A Live One

My first exposure to this band was in the back of a red minivan headed East toward Sunset Beach. My cousin, Ray, who was a couple years older than me and therefore cooler, let me borrow the album to listen to in my Sony Discman on the ride down. Figuring that I was an Allman Brothers fan, he suggested I give phish a try.

This, about 6:30 in, is where the song breaks up and comes back together.

Provided to YouTube by Warner Music Group Stash · Phish A Live One ℗ 1990 Elektra Entertainment, A Division of Warner Communications Inc.

Previously, foolishly, I wasn't a fan of phish on purpose. Same reason I wasn't much a fan of the Dead, either. Just on principle. I hadn't given them a listen really, but I knew assholes who liked those bands and since assholes liked that music I decided I wouldn't. Also, that impression was based on musical tastes of mine that at the time were much more commercial-, classic rock- and hip-hop-based. I was also 13 when I formed that opinion. Point is, tastes change. 

Two tracks in, listening to "Stash," I got hooked. The polyphonic dysmorphia of the band at the end of the jam that bow-tied into a neat finish grabbed me. I hadn't heard music with crowd participation, such as it is in that song, before. And I couldn't unhear the plinking piano and loping bass that builded up with Fishman's drums over soaring guitar that Trey Anastasio would eventually describe as cowfunk.

Only eventually, though, because I was listening to a recording of phish from '94. We all know the cowfunk era was 1997. Doy.

Anyway, it was 1995, I was 15 and just finished my freshman year of high school and I had just discovered phish. What a time to be alive. That summer beach trip would have a few other firsts, too, like learning a little more about girls with Margie, who had sun freckles and beach-bleached hair. She kissed me the year before and was looking forward to seeing me too.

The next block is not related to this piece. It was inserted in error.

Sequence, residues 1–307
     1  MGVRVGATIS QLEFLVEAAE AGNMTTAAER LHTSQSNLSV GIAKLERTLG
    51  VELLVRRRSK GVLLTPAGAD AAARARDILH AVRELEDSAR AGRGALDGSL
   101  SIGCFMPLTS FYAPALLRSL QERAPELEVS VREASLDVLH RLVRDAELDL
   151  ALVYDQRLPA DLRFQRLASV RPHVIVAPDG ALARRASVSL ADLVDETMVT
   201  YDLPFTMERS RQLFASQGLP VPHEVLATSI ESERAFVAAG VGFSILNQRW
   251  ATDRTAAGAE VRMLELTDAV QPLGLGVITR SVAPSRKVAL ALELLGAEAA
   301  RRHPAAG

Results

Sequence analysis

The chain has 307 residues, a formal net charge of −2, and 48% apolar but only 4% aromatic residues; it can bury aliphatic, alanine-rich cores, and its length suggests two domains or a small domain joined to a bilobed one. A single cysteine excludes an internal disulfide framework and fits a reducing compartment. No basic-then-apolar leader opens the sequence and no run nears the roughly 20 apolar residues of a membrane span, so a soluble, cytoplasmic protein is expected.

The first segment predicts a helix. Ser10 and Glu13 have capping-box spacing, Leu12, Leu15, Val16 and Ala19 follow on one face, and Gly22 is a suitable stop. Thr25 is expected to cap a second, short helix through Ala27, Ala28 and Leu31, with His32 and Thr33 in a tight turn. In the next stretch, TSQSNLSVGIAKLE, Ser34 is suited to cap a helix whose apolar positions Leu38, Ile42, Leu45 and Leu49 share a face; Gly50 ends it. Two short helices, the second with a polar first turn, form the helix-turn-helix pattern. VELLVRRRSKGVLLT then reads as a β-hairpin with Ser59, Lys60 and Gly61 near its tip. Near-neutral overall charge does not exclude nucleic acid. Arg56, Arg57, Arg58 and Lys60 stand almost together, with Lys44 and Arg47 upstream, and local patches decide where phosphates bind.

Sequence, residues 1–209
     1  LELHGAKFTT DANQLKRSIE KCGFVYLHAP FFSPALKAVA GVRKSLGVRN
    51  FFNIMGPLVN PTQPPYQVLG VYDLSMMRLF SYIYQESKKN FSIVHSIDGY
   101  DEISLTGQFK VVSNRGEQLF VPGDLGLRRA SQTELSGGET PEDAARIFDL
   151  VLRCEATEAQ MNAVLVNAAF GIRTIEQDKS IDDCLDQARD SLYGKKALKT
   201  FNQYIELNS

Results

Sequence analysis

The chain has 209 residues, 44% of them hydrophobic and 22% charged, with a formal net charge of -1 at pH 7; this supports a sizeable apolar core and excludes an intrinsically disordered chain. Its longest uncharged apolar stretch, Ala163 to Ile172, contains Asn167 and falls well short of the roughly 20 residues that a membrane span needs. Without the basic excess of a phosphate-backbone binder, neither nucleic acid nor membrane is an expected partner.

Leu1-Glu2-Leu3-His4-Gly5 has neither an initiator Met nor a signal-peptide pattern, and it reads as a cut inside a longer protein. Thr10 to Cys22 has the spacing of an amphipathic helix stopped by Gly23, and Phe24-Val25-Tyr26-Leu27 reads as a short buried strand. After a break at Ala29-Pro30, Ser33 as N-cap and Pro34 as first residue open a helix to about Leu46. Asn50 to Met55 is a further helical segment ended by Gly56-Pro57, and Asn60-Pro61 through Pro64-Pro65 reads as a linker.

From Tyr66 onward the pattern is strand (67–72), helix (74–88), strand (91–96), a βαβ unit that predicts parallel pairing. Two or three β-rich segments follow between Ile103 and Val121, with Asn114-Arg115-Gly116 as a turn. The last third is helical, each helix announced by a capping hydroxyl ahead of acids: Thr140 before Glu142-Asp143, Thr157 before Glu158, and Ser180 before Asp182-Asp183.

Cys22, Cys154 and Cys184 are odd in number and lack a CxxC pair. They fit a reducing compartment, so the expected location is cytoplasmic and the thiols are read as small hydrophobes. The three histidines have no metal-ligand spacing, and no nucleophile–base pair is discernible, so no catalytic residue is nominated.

So this mild obsession with phish began in that minivan as I was plunged into their world. The foam-covered headphones did enough of a job keeping my tunes going, as long as the 10-second anti-shock worked. It was confusing, and surprising and comforting to have songs teased out over 10 minutes, and crescendo or just fizzle out - like "Tweezer." Slave to the traffic light, especially on that album, has one of my favorite pretty moments in music. And "Chalkdust Torture" spoke to my high school mind.

I would come back home after that trip and order as many CDs as I could. My first purchase was Junta, their debut double album. My buddy Brock thought it was weird music, and I couldn't blame him too much for that. But I was also getting a taste for Primus and Zappa at the time. And the late night blues show from Gaston College radio. All that, and I had never tried weed. Or drank a single beer. (We'd have college to blame on that.)

Nah, that summer was all CD clubs like Columbia House. I thought I had a racket with them, too: Join the club, get 10 CDs, buy three, quit the club. I did this at least five times in high school. I wasn't a kid who went out and partied, and when I would occasionally sneak out of the house, it was to go sit in a parking lot and eat donuts and wash it down with chocolate milk. I had acne, girls didn't like me. At least not the ones at my school, not enough to "go" with me. I had some buddies who liked to hang out with me, and that worked well enough most of the time.